Not counting medicinal weed sales, Colorado sold nearly $19 million in their recreational weed market in the month of March, and $1.9 million of that goes straight into government coffers and towards building schools. At this pace, according to PolicyMic, Colorado will make $30 million this year in pot taxes alone.
What’s even more promising is that these numbers are still low estimates, as the recreational and medicinal marijuana markets (coinciding just fine, take note Washington) are likely to keep trending upward. Many say that a figure closer to $60 million in weed tax revenue is a more likely assumption. Medical marijuana is also not as heavily taxes as recreational marijuana, and hopefully it will stay that way.
The cherry on top of this tax-generating cake? Crime rates are also down in Colorado, so while kids are hopefully going to get a better education, the government (idealistically) will spend more money improving infrastructure and other business opportunities for Colorado citizens, and unemployment rates are plummeting. The Colorado police can take a little rest from their duties.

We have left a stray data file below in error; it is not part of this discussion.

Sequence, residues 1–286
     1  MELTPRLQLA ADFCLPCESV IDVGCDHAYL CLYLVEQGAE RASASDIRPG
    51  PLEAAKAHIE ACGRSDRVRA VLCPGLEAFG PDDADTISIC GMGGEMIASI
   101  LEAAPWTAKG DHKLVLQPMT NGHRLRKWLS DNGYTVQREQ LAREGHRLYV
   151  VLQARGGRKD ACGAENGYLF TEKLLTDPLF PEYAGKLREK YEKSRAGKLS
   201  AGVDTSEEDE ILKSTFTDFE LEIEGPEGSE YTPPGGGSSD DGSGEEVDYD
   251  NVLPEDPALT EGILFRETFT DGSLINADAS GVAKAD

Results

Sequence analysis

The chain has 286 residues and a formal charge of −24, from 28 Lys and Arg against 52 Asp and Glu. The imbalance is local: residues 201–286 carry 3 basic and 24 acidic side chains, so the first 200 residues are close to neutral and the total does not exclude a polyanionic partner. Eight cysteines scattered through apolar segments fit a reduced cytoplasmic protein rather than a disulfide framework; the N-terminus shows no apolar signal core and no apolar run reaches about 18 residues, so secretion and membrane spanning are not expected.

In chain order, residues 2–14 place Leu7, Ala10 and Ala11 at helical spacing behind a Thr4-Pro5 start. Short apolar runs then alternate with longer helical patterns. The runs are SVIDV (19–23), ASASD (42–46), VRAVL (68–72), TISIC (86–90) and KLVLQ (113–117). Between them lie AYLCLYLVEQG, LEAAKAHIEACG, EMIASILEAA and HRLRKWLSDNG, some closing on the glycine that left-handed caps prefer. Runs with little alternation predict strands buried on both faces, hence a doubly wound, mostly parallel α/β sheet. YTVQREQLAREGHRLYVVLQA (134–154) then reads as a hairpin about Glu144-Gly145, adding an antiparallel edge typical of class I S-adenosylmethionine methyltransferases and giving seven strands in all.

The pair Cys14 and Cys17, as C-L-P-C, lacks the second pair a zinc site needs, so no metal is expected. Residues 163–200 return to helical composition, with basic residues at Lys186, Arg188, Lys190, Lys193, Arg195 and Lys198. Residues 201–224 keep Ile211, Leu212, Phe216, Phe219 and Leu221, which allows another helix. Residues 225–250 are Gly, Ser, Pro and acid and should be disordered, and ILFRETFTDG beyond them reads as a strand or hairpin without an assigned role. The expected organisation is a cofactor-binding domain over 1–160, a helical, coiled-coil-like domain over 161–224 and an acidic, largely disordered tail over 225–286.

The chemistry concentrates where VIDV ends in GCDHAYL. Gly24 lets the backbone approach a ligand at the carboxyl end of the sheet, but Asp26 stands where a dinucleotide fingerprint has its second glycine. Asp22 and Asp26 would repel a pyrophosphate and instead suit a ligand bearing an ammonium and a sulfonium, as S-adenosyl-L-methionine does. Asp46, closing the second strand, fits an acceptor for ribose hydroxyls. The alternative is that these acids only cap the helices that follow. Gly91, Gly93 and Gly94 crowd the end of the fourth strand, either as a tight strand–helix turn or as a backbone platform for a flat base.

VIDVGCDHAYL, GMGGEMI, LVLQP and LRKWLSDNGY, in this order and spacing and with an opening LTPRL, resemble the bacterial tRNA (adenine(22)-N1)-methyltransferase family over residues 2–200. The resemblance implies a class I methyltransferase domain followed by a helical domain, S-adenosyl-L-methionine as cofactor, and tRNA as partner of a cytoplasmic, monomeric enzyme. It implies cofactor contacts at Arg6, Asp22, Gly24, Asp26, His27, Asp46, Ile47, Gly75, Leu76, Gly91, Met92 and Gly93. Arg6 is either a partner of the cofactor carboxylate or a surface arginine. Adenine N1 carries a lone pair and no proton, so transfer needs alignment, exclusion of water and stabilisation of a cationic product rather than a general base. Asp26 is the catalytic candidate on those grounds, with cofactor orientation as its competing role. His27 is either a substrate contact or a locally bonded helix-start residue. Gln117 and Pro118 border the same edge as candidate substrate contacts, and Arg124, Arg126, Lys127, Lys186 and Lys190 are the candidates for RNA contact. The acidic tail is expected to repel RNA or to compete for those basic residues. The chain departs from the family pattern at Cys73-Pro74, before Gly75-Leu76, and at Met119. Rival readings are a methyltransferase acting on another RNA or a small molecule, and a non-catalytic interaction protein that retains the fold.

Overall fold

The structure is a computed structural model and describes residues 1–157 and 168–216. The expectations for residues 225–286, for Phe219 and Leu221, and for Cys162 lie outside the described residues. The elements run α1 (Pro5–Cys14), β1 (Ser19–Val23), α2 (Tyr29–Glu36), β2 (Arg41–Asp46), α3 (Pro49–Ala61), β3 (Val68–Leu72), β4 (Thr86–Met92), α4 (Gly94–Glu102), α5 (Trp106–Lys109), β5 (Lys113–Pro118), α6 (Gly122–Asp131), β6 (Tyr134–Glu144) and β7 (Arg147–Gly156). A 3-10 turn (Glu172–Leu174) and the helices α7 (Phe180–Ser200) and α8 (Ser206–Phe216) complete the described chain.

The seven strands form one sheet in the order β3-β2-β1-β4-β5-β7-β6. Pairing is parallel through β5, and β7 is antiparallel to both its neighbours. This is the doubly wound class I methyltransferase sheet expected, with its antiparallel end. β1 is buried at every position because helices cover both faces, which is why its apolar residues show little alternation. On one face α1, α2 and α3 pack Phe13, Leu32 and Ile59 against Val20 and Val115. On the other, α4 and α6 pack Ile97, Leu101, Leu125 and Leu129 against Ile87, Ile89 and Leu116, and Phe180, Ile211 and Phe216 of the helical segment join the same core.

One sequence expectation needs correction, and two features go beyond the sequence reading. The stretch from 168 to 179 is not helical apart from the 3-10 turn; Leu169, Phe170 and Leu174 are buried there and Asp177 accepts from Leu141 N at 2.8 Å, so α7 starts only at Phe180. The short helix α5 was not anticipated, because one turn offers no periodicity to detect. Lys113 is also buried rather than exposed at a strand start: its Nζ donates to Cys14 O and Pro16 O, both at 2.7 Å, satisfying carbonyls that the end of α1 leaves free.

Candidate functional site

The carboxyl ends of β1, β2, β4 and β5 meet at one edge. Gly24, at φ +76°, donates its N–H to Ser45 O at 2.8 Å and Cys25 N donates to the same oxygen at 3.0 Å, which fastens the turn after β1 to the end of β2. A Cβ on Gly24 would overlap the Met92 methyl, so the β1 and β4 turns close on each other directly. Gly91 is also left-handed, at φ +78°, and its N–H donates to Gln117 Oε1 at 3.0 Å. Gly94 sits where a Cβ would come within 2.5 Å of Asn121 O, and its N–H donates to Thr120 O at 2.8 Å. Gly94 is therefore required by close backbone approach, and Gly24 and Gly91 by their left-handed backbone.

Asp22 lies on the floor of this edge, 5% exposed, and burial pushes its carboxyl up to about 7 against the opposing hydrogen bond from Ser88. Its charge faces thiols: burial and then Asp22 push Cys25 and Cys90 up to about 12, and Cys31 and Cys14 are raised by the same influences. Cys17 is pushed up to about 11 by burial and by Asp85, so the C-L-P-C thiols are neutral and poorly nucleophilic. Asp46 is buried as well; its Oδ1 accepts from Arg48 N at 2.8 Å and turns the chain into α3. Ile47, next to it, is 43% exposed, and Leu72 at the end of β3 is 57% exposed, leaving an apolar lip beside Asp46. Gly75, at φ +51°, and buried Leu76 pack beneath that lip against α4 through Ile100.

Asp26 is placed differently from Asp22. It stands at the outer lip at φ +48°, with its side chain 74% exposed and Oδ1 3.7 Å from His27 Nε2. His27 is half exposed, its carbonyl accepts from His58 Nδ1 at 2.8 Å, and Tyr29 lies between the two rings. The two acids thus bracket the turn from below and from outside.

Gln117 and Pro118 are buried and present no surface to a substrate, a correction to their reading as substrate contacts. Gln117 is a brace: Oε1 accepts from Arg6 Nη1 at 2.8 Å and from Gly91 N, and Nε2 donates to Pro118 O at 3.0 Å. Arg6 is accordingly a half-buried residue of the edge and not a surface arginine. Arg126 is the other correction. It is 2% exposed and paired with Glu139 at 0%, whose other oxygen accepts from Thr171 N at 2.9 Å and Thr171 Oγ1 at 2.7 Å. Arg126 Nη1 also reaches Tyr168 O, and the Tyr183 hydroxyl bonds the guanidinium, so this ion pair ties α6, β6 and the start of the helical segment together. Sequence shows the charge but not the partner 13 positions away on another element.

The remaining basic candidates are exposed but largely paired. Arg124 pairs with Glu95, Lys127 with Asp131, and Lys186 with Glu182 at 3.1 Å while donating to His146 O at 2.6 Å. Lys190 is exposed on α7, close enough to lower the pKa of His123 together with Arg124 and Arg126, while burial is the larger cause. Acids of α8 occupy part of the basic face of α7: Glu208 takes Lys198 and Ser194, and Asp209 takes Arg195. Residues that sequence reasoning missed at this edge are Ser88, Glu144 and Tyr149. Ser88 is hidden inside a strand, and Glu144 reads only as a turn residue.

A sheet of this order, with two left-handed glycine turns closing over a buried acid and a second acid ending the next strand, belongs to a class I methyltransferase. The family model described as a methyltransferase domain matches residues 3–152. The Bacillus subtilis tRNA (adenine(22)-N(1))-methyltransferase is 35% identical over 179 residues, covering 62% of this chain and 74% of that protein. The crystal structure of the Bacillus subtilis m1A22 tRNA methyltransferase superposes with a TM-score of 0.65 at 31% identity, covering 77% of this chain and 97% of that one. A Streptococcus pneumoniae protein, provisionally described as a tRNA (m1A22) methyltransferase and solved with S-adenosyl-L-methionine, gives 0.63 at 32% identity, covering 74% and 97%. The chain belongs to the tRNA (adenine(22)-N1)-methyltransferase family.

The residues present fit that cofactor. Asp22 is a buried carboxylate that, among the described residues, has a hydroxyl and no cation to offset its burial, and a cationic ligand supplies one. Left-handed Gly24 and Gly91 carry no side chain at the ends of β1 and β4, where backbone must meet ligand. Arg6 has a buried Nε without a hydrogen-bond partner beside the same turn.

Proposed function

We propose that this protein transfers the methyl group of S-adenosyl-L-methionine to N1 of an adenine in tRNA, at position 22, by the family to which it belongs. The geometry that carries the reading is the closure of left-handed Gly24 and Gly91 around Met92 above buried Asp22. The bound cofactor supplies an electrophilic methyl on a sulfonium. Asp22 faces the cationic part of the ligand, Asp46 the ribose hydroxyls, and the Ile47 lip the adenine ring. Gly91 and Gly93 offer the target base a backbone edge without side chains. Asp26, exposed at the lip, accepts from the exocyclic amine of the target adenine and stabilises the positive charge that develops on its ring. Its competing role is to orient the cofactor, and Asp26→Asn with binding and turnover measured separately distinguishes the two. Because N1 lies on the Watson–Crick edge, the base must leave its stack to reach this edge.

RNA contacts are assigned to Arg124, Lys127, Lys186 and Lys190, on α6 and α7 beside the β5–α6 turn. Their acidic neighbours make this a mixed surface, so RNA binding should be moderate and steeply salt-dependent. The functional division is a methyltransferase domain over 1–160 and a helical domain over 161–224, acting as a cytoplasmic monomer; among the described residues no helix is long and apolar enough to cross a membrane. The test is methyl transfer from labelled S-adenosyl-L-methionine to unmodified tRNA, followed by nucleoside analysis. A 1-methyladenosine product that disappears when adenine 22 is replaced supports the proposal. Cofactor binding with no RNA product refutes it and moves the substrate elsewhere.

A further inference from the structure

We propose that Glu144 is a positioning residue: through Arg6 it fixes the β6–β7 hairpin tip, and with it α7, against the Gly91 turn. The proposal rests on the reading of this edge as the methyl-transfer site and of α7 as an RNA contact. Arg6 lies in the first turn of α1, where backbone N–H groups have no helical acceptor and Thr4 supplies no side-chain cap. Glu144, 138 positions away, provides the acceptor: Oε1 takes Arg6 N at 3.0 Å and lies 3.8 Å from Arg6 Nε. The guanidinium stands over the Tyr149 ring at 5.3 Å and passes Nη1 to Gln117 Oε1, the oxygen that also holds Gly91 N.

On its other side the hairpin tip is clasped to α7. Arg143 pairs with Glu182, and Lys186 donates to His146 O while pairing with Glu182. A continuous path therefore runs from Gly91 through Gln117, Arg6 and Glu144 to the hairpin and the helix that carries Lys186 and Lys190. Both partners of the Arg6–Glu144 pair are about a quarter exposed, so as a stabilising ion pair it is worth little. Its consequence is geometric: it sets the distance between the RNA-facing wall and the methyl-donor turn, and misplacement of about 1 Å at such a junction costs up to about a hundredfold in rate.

Crime rates in Colorado have dropped by 10.6% while Dunkin Donuts has begun expanding its brand in the state (really). It looks like a really good future for people living in Colorado, or any state that legalizes both medical and recreational marijuana – though it is admittedly too early to tell.
Read: Colorado Crime Rates Down 14.6% Since Marijuana Legalization
Is it ludicrous to conclude that perhaps happy, smokers of marijuana have no time for violence and expend their energy elsewhere? Probably, but it’s looking more and more like a reality. When you legalize this plant, people have less to be angry about–and less angry people means less crime.
The only draw-back of legalization in Colorado? It’s snowing in May. But only Nancy Grace would attribute that to ganja and not global warming. And whether Nancy and the haters like it or not, more recreational dispensaries are coming to Denver, Boulder, and beyond.